Olympic fans from aboard may have health tracked by app

Updated 02 December 2020

Olympic fans from aboard may have health tracked by app

Olympic fans from aboard may have health tracked by app
  • Japan has controlled the virus better than most countries with just over 2,100 deaths attributed to COVID-19
  • But Tokyo has seen record numbers of infections in recent weeks

TOKYO: A mobile app could be among the measures used to track the health of fans from abroad if they are permitted to attend next year’s Tokyo Olympics.
An interim report on contingencies for holding the Tokyo Games was released on Wednesday. It was compiled by the Japanese government, the Tokyo city government and local organizers.
The portion concerning the app was leaked earlier in the day by Japanese newspaper Nikkei. It was met on social media by unhappy replies from Japanese citizens who fear the Olympics could put their health in jeopardy.
Japan, with a population of 125 million, has controlled the virus better than most countries with just over 2,100 deaths attributed to COVID-19. But Tokyo has seen record numbers of infections in recent weeks.
Toshiro Muto, the CEO of the local organizing committee, explained some findings of the report. But he was short on specifics in the online briefing. Some proposals might be discarded as conditions change, and almost everything is subject to revision.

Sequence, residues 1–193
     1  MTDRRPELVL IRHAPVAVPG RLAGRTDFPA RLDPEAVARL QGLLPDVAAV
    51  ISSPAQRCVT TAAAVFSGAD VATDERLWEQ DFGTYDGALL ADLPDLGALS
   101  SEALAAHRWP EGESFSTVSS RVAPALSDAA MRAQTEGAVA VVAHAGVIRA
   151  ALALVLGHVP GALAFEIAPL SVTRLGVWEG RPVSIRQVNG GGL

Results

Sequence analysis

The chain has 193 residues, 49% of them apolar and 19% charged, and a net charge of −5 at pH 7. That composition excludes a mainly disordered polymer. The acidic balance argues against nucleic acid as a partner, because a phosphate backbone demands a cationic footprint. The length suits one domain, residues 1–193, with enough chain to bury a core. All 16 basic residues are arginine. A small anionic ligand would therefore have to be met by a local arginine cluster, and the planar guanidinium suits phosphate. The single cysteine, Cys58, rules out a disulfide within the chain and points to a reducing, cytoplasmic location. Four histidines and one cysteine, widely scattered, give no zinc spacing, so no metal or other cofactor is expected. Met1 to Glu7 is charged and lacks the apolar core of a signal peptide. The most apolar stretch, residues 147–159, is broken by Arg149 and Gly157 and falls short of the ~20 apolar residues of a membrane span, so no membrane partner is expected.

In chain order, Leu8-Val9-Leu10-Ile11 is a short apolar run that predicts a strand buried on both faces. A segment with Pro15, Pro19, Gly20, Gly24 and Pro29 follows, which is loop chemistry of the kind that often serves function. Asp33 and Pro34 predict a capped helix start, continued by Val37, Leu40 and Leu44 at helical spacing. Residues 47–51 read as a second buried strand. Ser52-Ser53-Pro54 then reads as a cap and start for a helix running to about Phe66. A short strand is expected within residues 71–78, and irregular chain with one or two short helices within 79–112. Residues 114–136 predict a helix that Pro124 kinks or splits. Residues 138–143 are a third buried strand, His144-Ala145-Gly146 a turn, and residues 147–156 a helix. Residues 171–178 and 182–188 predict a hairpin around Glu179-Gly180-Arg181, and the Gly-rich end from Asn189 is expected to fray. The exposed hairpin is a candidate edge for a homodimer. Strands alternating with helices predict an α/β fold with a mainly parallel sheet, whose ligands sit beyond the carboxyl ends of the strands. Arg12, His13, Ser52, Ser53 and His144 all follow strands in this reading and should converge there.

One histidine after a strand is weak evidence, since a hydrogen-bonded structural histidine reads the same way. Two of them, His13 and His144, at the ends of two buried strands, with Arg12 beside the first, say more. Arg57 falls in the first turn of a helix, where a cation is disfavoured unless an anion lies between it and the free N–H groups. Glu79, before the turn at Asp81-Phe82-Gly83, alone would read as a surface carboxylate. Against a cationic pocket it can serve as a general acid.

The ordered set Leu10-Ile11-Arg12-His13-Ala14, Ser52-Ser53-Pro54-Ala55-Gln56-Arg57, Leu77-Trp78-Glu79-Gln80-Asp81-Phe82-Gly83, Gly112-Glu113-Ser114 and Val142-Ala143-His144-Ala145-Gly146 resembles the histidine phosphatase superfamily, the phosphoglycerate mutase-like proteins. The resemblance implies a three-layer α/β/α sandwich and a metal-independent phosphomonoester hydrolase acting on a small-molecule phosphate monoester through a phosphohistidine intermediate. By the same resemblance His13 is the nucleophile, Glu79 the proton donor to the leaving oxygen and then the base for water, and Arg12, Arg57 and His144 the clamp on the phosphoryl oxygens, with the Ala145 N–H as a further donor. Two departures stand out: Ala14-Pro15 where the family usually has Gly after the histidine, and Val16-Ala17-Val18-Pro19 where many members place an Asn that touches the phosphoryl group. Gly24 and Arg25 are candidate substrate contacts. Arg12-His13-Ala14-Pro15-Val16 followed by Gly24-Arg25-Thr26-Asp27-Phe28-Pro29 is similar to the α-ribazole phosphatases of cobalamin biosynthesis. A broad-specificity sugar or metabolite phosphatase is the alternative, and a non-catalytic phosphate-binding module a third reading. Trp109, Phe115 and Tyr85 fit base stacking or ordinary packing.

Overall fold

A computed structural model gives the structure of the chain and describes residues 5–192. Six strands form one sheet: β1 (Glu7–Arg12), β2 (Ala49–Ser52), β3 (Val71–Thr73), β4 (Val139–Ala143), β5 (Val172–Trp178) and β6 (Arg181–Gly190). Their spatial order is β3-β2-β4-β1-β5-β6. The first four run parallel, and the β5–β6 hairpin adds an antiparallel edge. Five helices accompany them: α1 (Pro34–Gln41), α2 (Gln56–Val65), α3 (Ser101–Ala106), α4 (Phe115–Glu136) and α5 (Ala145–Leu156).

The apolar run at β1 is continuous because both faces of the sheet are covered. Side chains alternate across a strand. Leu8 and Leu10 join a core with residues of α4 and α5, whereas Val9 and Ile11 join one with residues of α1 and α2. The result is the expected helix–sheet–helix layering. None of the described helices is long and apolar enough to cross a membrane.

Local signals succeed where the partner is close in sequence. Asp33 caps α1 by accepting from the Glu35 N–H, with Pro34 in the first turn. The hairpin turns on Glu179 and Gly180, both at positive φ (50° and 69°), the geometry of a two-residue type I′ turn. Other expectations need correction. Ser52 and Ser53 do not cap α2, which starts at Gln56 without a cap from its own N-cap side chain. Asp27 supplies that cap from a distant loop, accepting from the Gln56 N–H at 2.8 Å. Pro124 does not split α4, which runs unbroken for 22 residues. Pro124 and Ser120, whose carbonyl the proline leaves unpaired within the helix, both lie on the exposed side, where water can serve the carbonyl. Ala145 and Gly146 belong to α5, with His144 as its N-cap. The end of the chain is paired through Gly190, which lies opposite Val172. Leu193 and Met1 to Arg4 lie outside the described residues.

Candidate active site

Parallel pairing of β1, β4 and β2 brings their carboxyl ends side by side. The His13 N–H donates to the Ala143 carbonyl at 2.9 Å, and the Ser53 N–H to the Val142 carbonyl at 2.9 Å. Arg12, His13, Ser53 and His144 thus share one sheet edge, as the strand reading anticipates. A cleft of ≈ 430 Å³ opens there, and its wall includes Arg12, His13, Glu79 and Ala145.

“In general, I think we would like to be able to work out the details by next spring,” he said, suggesting the groundwork had been prepared for many contingencies with the possibility of vaccines and rapid testing on the horizon.
It was in the spring eight months ago when organizers and the International Olympic Committee finally decided to postpone the Olympics after repeatedly saying they would go ahead this year.
Muto hinted again that the Tokyo Olympics may not be much fun. Athletes will compete and then be expected to to go home.
“The basic principle is that the accommodation period in the Athletes Village is supposed to be minimized as much as possible,” Muto said. “We want to be sure that the Athletes Village doesn’t get too dense. And after the games we would like them (athletes) to go back (home) as early as possible.”
He was asked point-blank if the Olympics would have a “celebratory atmosphere.”
“If the games are to be held under the COVID-19 pandemic, I don’t think the Olympics will be as festive as they have been in the past,” he said. “We decided to hold a simplified Olympics. Therefore, as you can see in the planning for the opening ceremony, the Tokyo Olympics will be simplified rather than celebratory.”
Muto was also asked about the cost of the one-year postponement, but said he didn’t know yet. Some Japanese newspapers reported several days ago, citing unnamed sources close to the organizing committee, that the cost of the delay will be about $3 billion.
“We are in the process of the calculation of how much the cost is,” Muto said. “We would like to reach a decision as soon as possible but when it will come — I can’t give you a specific date. But by the end of the year we’d like to make an effort to come up with an answer.”
He was also asked if fans from abroad would be required to be vaccinated.
“This is a scenario we will start to examine once the vaccine is actually available,” he said.